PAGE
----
100 Thieves general manager Papasmithy talks about his philosophies towards developing young talent.

100 Thieves General manager Papasmithy experienced an entire career as one of the premier casters in LoL. After spending years developing storylines for players in League of Legends, curiosity began to brew. And after experiencing everything he could from the broadcast side, he wanted change. For him, that curiosity and change was about seeing what actually goes on behind the scenes. Now, Papasmithy is apart of 100 Thieves and he is doing what he can to ensure all these ideas he has towards proper player treatment go through in his new venture.

In this interview we speak to general manager 100 Papasmithy to talk about his transition from casting to team management as well as his philosophies towards developing North American talent.

I wanted to talk to you about the process of being 100 Thieves general manager. I wanted to talk about the transition from shoutcasting to LCS General Manager?

100 Papasmithy: If you spend so much time narrating League of Legends, it is natural to wonder what the other side of esports looks like. Curiosity grows as a caster when you constantly wonder what could be happening behind the scenes. Using my experience as a previous school counselor, I gained a lot of intimate knowledge of how the team works. It all felt like a timeful transition from casting to general manager.

I felt like I had achieved everything I could as a caster three years ago. Being able to take this different direction through 100 Thieves is a really fun experience. There are definitely both highs and lows being in this position, but I would not trade it for the world. It is all an exhilarating ride.

In an interview with Peter Dun, he states, “it is important to make sure League of Legends is not a 17 year olds entire life.” As a former school counselor, what is your stance on that topic and how do you navigate that conversation with younger players?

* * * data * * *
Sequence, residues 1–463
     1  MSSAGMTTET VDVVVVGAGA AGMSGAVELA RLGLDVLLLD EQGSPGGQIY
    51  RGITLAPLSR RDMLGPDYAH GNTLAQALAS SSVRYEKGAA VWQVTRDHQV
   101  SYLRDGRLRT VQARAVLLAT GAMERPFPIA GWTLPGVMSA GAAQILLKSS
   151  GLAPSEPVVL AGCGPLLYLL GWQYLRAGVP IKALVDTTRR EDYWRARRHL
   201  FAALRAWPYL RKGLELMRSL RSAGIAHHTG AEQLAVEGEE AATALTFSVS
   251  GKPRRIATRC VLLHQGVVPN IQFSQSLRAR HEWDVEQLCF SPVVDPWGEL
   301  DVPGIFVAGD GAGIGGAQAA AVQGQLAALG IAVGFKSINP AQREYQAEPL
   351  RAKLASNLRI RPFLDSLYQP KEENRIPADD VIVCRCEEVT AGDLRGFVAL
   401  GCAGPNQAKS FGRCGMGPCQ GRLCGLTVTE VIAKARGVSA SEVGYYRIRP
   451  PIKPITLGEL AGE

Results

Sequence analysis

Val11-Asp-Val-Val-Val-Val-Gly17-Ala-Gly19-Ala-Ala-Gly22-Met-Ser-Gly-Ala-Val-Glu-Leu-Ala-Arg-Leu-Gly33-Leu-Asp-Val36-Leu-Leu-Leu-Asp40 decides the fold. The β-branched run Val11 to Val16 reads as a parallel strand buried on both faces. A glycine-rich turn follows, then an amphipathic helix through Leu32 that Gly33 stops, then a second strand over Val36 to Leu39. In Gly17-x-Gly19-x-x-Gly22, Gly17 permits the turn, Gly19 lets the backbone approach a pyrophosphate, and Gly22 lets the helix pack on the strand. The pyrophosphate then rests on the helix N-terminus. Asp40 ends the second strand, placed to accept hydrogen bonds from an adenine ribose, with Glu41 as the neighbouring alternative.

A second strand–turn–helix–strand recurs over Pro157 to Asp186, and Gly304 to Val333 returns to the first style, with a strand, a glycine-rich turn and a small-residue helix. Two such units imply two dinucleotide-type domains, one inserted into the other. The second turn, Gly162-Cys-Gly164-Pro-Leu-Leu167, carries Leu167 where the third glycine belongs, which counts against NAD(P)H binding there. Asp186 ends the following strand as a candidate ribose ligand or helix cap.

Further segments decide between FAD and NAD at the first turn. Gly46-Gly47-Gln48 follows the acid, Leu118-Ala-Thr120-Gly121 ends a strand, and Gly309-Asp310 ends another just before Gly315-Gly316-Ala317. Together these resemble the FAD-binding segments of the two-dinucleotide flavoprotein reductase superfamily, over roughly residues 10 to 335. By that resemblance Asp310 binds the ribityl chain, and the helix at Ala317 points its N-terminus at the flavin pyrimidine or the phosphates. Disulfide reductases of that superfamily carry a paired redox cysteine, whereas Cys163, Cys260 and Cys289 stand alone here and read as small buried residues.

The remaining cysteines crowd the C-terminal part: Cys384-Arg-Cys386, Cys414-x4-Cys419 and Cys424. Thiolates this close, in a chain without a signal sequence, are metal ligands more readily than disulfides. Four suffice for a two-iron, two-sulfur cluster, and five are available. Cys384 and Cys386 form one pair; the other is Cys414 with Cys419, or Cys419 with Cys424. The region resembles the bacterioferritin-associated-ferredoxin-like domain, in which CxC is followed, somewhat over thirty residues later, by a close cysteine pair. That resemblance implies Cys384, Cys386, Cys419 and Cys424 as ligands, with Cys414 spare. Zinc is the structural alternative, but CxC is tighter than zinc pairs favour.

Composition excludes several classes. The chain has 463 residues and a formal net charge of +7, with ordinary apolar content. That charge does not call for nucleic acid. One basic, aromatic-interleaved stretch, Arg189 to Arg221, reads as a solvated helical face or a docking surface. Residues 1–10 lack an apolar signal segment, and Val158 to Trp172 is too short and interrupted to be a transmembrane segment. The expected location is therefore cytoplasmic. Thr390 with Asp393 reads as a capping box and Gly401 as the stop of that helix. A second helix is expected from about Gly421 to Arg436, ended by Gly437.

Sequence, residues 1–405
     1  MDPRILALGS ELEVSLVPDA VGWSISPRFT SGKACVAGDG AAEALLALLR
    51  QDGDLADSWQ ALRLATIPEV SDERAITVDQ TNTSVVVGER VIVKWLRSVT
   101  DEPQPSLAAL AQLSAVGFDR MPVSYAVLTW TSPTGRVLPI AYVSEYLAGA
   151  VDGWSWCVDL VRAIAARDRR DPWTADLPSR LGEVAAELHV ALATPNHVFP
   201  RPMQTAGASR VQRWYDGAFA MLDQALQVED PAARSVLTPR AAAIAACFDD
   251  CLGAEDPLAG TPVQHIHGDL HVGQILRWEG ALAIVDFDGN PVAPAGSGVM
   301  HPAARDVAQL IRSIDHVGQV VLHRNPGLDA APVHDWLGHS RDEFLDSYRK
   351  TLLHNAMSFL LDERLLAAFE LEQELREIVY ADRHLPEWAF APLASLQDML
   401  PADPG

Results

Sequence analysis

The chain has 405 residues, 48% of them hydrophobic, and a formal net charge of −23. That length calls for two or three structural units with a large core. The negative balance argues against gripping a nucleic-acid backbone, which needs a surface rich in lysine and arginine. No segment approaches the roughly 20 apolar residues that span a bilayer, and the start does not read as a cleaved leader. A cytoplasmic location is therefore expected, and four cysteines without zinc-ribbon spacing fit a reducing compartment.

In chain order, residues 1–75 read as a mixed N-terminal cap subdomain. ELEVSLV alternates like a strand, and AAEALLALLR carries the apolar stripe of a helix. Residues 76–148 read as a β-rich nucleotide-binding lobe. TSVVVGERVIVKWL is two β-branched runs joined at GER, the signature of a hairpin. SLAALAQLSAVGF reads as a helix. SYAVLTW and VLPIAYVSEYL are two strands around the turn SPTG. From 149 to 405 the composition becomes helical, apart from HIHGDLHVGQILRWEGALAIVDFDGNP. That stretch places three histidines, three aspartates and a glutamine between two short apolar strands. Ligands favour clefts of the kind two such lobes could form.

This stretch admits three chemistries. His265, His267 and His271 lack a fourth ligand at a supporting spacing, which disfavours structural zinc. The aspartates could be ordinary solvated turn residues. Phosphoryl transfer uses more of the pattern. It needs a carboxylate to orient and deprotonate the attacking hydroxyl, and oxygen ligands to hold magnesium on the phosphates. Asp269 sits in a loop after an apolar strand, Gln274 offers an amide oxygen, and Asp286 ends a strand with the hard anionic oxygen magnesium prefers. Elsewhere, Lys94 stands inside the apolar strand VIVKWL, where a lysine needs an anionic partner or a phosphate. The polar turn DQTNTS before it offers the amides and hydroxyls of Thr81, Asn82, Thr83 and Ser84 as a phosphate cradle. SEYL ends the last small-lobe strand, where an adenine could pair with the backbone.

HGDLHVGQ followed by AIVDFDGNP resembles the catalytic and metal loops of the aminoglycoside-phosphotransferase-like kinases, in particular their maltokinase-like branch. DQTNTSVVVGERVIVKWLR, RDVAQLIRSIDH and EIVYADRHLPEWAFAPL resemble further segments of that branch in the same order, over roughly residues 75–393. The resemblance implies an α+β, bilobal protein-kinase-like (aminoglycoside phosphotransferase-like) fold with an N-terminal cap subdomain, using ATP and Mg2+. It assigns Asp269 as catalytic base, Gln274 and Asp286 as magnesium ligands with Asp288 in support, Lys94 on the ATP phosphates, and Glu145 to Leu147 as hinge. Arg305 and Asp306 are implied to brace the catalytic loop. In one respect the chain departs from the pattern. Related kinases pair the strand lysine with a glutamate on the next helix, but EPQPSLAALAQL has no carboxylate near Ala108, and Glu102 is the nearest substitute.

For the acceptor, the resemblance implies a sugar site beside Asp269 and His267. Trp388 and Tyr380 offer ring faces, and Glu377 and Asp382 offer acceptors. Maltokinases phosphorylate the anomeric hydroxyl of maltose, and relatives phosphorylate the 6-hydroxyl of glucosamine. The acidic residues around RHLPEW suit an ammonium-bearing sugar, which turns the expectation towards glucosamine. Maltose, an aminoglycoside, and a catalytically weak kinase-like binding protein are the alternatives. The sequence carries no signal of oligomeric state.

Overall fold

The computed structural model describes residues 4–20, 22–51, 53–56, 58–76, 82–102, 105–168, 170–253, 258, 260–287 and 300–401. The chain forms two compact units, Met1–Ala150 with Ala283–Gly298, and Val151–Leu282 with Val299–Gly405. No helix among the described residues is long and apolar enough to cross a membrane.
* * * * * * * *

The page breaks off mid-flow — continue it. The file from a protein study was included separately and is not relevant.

100 Papasmithy: When we came into the amateur scene last year, there was not a Riot contract database for amateur players. There was no understanding of how to bring up younger players. When we started our amateur scene, Tenacity was 16, Kenvi 17. We had a really young lineup all the way through amateur. We put together a plan on what the contract would look like and one of the things I put focus on was this.

“Let’s practice a responsible amount of time so that you will be able to prioritize your studies. It is very important to finish your high school diploma in North America. If you talk to different regions, they can take time away from school and take that risk, but North America is different. School is of high importance in the states and I put a lot of weight into making sure 100 Thieves believe in that. I talked to all of their parents to make sure they were comfortable with their kid pursuing a career in esports.

I think that permeates all throughout LCS. It is important at that young age to allow people to develop in ways that are not just about the game. Once you hit the LCS stage, it is always going to be harder. That being said, it is not fair to put LCS demands on amateur players. Then you are setting up a scenario to stunt growth into one direction.